How will you manage to infuse these principles of Gross National Happiness into educational programs?

In the space of a few years, the majority of our schools have managed to understand, take ownership of these rules and educate in BNB, based on our program called “Building Green Schools for a Green Bhutan” . These “green” schools must respect eight essential principles, all of which are deeply rooted in the Buddhist aspirations and culture of our country. The first element is the promotion and respect of a “green” or natural environment. Environmental conservation is one of the four pillars of BNB. It is enshrined in Bhutan's constitution that it is mandatory to retain at least 60% of the country's forest cover. Today, 80% of the surface of the country is covered with forests. But nothing is definitively acquired. In the future, nothing says that the leaders in power will have the same respect for nature. We are the guardians of one of the greatest biodiversity in the world. The generations that will be in charge in twenty years must become aware of the richness of this heritage inherited from previous generations. These are the future leaders of the country who are today on the school benches. One should be able to find on the campuses of these schools a wide variety of plants, trees, fruits, vegetables and flowers. A diversity of smells, shapes, sounds, and objects intended to awaken our five senses, which are so many windows on the world. Living in the middle of nature, in a green environment, is an essential condition for the good development of the mind.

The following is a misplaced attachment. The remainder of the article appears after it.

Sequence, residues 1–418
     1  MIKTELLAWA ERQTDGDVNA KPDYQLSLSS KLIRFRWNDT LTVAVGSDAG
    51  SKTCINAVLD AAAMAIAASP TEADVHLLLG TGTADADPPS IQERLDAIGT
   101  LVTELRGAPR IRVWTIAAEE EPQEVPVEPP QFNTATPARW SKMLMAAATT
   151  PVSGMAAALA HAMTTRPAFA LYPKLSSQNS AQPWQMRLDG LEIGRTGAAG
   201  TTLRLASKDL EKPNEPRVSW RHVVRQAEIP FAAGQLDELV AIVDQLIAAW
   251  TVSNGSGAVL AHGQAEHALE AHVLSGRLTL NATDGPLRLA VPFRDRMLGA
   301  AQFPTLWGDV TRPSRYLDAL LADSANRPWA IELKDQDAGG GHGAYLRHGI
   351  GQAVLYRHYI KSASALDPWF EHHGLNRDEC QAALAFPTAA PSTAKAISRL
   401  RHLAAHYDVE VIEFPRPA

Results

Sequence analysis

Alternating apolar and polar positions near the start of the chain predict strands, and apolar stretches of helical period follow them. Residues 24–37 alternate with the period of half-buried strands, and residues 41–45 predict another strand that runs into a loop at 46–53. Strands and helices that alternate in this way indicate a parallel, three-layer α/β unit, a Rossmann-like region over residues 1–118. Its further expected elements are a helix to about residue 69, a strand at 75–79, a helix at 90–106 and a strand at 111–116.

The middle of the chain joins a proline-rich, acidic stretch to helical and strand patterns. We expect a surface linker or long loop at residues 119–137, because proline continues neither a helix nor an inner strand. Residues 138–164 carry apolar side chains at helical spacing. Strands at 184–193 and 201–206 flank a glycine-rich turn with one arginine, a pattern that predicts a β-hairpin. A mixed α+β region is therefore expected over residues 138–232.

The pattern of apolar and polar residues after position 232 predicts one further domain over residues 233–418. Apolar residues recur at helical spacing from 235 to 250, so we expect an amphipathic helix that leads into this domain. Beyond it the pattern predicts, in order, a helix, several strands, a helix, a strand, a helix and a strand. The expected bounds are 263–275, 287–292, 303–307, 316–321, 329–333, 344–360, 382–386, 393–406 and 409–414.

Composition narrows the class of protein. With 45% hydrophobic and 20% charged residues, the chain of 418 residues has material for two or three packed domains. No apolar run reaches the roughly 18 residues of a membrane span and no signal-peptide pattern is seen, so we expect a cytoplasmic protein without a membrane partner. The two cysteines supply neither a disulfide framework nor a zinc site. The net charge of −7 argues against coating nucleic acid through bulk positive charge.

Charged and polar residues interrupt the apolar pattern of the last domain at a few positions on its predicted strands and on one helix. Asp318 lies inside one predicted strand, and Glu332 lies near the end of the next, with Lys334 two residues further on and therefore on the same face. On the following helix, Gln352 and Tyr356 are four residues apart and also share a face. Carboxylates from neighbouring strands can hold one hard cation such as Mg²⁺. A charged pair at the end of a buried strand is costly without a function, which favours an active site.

Gross National Happiness strives to balance the needs of body, mind and soul, between human and nature, between the physical element and the spiritual element.

We also need what I would call a “green” intellectual environment. Need for open minds, receptive to new ideas, new knowledge, new wisdom and new methods of education. Life springs when the executives and teachers who run these institutions have an open mind, goodwill, and a heart open to all possibilities.

Our schools must also be part of a “green” academic environment, a framework where the child can discover the great ideas inherent in all the disciplines studied.